Footprints: The bishop from Karachi SITTING in his office overlooking the famous Wimpole Street in Westminster, Bishop Michael Nazir-Ali, who in 1994 became the first non-white diocesan bishop at the Church of England and was among the final two candidates to become the Archbishop of Canterbury, remembers with fondness the Karachi of his youth.
The city was home to large communities of Goans, Anglo-Indians, south Indians, and Sindhis. His experience of growing up among Muslims, Hindus, Parsis and Christians equipped him to facilitate interfaith dialogue. “I remember attending Shia commemorations,” he says. “Rather than hostility, there was a desire to learn about various beliefs and practices.”
Bishop Michael was ordained as an Anglican priest at the age of 20 while he was still in Karachi. “At the time, there was a great interest in finding remedies for poverty in Pakistan and Marxism was extremely popular on campuses. Personally, I found Marxism to be characterised by a degree of historical determinism and instead saw joining the church as a means of serving the poor,” he recalls.
During the 1980s, Bishop Michael witnessed Gen Ziaul Haq’s ‘Islamisation’ of Pakistan. He found himself disagreeing with certain measures that were being taken by the government. As a Christian, he says, he could not support laws prescribing punishments that mutilate the human body. The Christian view on punishment takes account of the need for retribution but also makes room for reform and rehabilitation, he explains.
His activism against the Zia government eventually forced him out of the country. Bishop Michael used to be active with the Women’s Action Forum (WAF). In February 1983, WAF and the Women Lawyers’ Association demonstrated outside the Lahore High Court, a few metres from the Lahore Cathedral where Bishop Michael served as priest. When the police started a baton-charge, the cathedral opened its gates for the protesters. “We then shut the gates to protect the demonstrators. That did not sit well with the authorities,” he recalls with a wry smile.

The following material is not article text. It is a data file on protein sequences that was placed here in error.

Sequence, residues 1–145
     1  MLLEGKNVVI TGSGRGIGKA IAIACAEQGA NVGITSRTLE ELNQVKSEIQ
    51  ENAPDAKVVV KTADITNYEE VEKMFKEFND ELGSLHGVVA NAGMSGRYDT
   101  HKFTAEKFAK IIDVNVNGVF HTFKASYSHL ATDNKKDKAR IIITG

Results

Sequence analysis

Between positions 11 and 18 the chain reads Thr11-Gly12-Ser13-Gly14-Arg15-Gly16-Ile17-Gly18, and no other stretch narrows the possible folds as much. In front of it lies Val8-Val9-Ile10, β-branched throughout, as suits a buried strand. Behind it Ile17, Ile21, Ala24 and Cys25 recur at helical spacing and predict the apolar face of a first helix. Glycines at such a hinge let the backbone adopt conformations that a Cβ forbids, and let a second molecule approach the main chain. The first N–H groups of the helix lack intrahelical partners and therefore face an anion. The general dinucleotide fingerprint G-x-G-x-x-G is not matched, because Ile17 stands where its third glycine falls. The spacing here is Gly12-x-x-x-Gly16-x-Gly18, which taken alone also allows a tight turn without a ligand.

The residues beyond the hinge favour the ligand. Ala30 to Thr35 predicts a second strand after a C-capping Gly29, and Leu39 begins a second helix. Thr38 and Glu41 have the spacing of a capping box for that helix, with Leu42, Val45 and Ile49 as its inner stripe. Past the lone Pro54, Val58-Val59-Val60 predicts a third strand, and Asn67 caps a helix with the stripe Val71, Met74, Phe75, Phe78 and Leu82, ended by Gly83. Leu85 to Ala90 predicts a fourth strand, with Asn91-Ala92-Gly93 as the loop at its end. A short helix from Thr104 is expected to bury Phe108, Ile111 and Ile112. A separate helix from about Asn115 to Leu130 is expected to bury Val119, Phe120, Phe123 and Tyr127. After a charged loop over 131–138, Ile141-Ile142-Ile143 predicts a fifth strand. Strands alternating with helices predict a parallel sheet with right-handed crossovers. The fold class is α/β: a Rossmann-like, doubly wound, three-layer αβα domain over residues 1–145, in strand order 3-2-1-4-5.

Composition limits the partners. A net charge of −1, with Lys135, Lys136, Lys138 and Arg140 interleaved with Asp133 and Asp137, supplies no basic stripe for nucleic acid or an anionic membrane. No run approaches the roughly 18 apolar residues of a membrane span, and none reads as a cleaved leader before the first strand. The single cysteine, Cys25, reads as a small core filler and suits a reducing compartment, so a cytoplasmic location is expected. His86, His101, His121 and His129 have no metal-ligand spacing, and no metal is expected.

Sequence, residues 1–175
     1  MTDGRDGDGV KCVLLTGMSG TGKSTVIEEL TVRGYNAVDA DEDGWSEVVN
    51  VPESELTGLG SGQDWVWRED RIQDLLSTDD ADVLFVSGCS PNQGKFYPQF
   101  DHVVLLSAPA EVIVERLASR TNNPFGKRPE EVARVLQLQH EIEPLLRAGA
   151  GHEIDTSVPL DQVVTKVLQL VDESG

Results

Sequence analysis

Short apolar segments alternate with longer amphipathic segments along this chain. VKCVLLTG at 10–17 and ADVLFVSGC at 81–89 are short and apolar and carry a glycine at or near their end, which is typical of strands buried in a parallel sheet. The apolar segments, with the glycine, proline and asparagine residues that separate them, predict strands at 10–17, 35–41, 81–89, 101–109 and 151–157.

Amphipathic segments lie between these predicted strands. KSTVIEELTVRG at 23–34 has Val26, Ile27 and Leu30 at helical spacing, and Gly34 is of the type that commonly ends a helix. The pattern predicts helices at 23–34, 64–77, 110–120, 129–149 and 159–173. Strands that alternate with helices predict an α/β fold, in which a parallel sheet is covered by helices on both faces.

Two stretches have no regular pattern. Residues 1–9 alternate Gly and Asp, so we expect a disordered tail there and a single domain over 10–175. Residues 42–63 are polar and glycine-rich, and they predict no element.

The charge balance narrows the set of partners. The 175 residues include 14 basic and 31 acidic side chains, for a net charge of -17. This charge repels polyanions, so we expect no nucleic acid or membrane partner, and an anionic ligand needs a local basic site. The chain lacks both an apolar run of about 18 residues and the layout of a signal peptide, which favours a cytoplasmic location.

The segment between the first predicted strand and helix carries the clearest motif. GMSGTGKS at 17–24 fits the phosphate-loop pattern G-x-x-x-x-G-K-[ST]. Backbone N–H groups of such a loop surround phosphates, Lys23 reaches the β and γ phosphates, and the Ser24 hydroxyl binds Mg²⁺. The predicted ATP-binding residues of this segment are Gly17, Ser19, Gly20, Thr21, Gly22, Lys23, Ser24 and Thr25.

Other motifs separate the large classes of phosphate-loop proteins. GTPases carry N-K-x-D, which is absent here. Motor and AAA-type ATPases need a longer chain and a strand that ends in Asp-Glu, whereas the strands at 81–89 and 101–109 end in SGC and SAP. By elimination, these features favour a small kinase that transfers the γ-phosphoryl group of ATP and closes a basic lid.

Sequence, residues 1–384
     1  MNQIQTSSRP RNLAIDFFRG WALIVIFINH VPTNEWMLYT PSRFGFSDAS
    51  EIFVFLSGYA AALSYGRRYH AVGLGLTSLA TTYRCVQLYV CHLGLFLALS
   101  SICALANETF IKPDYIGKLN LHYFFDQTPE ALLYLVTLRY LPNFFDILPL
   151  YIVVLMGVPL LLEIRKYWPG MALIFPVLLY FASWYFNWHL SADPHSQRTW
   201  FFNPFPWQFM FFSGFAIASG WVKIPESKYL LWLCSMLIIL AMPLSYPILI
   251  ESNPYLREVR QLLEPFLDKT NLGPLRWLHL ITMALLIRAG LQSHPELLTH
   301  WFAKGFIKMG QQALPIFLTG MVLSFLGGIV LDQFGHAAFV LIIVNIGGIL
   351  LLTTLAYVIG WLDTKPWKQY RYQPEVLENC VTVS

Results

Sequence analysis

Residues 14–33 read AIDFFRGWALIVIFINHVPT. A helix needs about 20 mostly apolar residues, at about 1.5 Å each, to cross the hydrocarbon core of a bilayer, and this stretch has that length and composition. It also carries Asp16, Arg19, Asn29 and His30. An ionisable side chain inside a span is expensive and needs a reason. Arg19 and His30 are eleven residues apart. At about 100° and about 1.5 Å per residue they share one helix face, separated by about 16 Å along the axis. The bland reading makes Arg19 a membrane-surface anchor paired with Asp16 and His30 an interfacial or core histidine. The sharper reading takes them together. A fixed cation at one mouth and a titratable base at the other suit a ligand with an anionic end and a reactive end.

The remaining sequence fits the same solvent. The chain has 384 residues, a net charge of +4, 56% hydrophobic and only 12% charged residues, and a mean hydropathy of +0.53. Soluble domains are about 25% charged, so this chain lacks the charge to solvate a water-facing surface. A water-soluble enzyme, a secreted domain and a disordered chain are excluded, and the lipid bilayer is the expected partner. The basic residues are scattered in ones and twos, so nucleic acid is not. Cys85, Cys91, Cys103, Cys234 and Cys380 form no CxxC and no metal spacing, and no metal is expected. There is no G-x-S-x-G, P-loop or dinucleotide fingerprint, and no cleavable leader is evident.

Bishop Michael was also involved in helping brick-kiln workers get educational opportunities. And that did not sit well with the brick-kiln owners. “I am not entirely sure who was responsible but I started getting harassed,” he says.
He decided to move to the UK, where he studied at the University of Cambridge. In 1994, he was appointed the Bishop of Rochester. He has published 12 books on various topics, including comparative literature, comparative philosophy of religion and theology. Since his retirement in 2009, he has been heading the Oxford Centre for Training, Research, Advocacy and Dialogue. He has also led his church’s dialogue with Al-Azhar University in Egypt and, more recently, with Shia clerics in Iraq.
Interfaith dialogue, he insists, must tackle difficult questions and go beyond socio-political issues to include theological and spiritual questions. In his own work, he has highlighted the relationship between Islamic and Christian mysticism. He explains that Sufis in Egypt and Syria were well acquainted with Christian monasticism and early Sufi literature mentions meetings taking place between Sufis and monks. Sufis refer to the image of monks praying through the night and the light in a monk’s cell is symbolic of illumination in Sufi literature. Jesus Christ is similarly seen by Sufis, especially Maulana Rumi, as the ultimate example of sacrifice, suffering and renunciation.
Asked about the blasphemy laws in Pakistan, Bishop Michael says that the law not only exacerbates the sense of insecurity for many communities, but also contributes to an atmosphere of mistrust and hatred. “Initially, when Christians expressed concerns about the blasphemy law, they were told that the law was made to target a certain other community. I warned a presidential adviser that no matter who the law is intended for, it would affect justice and freedom and no one would be exempt. And this is what happened,” he says.
Bishop Michael contends that he does not think of himself as a minority but as a Pakistani citizen. For him, “our goal should not be minority rights but the creation of a polity where all citizens are equal before the law”.
But social exclusion, he admits, is more difficult to address than legal and official discrimination. He worries about the growing ghetto-isation of communities in Pakistan and says that when people no longer live among neighbours who hold different religious beliefs, it is detrimental to national cohesion.
He laments that the nationalisation of Christian institutions over the last 40 years has left Pakistani Christians socially and economically disadvantaged. “Nationalisation, as was done with Kinnaird College and the Forman Christian College in Lahore, must be reversed,” he says. “Institutions such as Gordon College in Rawalpindi and Murray College in Sialkot remain under government control and this prevents social mobility for young Christian Pakistanis.”
Despite all, Bishop Michael remains optimistic. He says that Christians supported the creation of Pakistan and believed that the new state would guarantee their rights as its founders shared the experiences of being a minority community. “I was born two years after independence and at the time Christians and Muslims worked together to contribute to national life,” he muses. “There were disagreements over religious beliefs but it did not prevent anyone from going to the same schools, hospitals and neighbourhoods. I do not see why this can’t happen again.”